Wednesday, 29 June 2011

127 Hours

2010. Dir: Danny Boyle. Starring: James Franco, Kate Mara, Amber Tamblyn, Clémence Poésy and Treat Williams. ●●●●○

As I was saying a couple of weeks ago there were a couple of movies released in January that I didn't get a chance to catch in cinemas. The second of those was Danny Boyle's 127 Hours, and to be perfectly honest with you I'm glad I watched it in the comfort of my home - where I could pause the film and nearly pass out without feeling horribly embarrassed in front of strangers (I count my readers as friends hence I'm able to tell you here). Frankly my side - where I curled into the fetal position and slowly recovered is still in agony the following day. In short the movie caused an unprecedented reaction for me. I'm not a gore hound but I have seen some of the torture porn genre but nothing prepared me for the money shots in this picture.

For those of you who don't know the plot - and I doubt there are many - the film follows James Franco as Aron Ralston the self-professed adventurer and live for today outdoorsy type who on a weekend of canyoneering in Utah dislodged a massive rock which pinned his arm against the rack face. We then watch Franco deteriorate from a cocky angry young man into a hallucinating wreck accepting his death before he finally faces the enormity of the decision he will have to face.

That's about it. We get a short introduction when he meets up with two backpackers in the opening minutes of the film, and there is the odd flashback as Franco searches for meaning in his life, but 75% of the film is Franco trapped under a rock. Given that this is a true story (and I - like many others - knew how it would end going in) the film carefully walks that type-rope between maintaining suspense and cheating the audience - the frequent hallucinations blur the line of reality, confusing fact from fiction to the viewer and making the ultimate ending seem so far away.

Franco excels in the role, every moment of his screen time is fascinating as multiple attempts to escape fail and he traverses through the Kübler-Ross model of grief.

Of course all that would be in vain if the work around Franco wasn't high class as well. Simon Beaufoy's script, based in part on the recordings that Ralston made in the canyon, does that rare combo of ratcheting up the tension whilst also developing the themes of needing humanity and family to really survive. The make-up department also need to be praised for their work on Franco, each scene sees the deterioration in his physicality and his colour as his energy seeps away during the 127 hours he was trapped.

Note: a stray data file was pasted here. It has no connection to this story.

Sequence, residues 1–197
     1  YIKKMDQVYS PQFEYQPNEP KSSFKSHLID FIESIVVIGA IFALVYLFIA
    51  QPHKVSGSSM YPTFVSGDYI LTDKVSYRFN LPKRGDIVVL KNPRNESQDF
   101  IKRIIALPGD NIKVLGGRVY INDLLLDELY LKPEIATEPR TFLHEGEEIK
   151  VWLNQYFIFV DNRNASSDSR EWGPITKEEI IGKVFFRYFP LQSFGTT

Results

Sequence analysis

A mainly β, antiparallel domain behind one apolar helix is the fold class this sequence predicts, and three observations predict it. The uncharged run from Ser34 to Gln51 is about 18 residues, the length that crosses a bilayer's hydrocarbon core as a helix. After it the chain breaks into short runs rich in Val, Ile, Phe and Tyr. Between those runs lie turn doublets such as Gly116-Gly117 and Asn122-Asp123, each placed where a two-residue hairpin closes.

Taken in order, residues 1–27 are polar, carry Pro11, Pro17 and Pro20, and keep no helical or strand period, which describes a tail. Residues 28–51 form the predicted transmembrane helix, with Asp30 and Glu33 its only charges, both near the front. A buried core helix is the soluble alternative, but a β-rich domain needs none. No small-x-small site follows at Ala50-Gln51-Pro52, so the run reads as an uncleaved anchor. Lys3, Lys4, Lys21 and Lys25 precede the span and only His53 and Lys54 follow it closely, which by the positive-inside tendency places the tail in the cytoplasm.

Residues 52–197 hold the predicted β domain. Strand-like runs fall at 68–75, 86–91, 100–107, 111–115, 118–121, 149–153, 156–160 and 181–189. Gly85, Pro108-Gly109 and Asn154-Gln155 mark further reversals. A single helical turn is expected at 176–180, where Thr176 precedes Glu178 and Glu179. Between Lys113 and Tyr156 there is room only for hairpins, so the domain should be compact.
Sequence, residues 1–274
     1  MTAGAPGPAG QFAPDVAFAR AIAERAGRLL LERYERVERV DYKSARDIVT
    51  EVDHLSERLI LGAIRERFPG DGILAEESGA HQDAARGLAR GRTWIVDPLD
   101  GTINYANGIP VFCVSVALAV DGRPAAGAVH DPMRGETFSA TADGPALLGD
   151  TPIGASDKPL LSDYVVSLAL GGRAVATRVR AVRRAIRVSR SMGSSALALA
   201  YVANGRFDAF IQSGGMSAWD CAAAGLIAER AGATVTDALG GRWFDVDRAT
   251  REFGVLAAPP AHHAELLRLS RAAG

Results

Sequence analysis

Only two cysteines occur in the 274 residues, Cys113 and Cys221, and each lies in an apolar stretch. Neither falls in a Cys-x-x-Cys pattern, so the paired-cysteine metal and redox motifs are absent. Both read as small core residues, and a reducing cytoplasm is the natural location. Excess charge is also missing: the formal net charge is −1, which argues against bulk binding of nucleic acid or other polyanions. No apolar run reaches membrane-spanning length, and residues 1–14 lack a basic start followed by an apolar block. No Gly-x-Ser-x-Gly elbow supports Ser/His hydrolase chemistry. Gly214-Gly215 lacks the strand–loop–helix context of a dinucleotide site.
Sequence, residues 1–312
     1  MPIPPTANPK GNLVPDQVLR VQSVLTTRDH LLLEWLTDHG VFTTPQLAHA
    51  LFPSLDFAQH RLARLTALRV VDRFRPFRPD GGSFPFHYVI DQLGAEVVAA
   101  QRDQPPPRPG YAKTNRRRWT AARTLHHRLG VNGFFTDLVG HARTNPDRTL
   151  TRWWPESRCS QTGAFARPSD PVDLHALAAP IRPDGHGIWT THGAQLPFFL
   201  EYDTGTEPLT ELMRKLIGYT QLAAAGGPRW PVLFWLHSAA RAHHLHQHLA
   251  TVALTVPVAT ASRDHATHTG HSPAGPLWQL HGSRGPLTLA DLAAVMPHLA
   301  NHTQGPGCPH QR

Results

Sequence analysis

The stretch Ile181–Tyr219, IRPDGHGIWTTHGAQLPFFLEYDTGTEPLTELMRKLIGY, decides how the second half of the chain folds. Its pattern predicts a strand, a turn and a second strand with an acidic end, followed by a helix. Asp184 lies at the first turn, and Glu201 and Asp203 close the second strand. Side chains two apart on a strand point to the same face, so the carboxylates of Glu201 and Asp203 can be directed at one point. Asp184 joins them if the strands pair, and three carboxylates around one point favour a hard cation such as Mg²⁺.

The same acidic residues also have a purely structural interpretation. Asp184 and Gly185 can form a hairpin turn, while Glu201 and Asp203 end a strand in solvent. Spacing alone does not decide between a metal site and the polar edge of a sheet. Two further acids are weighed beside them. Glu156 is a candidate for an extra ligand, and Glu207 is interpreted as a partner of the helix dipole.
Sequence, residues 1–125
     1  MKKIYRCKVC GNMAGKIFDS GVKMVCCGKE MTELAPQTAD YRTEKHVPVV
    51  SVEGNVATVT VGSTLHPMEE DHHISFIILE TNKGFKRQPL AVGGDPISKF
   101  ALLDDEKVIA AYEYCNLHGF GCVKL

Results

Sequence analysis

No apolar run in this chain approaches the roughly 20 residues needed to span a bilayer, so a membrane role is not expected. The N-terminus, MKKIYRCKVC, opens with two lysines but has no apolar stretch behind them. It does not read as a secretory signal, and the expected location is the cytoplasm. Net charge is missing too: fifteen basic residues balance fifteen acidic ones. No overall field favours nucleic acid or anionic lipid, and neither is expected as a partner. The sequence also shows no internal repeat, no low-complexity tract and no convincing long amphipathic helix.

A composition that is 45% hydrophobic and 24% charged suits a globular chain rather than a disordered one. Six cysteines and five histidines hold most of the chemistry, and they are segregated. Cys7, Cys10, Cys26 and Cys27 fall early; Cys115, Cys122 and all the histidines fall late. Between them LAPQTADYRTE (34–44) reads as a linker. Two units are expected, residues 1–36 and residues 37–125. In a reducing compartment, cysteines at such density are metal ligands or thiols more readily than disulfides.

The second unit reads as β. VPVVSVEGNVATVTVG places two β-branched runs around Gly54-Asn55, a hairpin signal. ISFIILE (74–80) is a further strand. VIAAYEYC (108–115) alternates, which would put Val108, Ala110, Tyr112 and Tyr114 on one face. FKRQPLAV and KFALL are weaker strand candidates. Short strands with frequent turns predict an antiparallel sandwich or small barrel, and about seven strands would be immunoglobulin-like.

Danny Boyle, editor Jon Harris and cinematographer Anthony Dod Mantle stuff the film with split screens, repeated actions and graphic tracking shots that emphasise the isolation of this MTV matinee idol like character.

Would I recommend this movie. Oddly no, I don't think I could, in spite of how excellent it is that one scene is so much I can't advise other people watch it. Would I watch it again. Probably not. Did this film move me with it's themes and execution in a way that few movies have ever done. Certainly.


TomS said...

What an interesting review! Well-written, and very effective description of your visceral reaction. I have not seen this, and for reasons you have described, I had purposely avoided it, in spite of my huge crush on James Franco. Perhaps, like you, I will venture to look at it from the safety of home, with the pause button at the ready.

Alex in Movieland said...

Franco is great right. It was very difficult for me to choose between him and Bardem for my top award this year.

I didn't find it as shocking or troubling, and I think they've shown just enough not to make it horror like.

The cinematography, though, was a bit problematic for me. Way too bright & colorful maybe.

Runs Like A Gay said...

For me the non-horror way of filming was what caused the reaction - it was the investment in the character and the extremely effective sound work that drew me in and caused my fainting spell.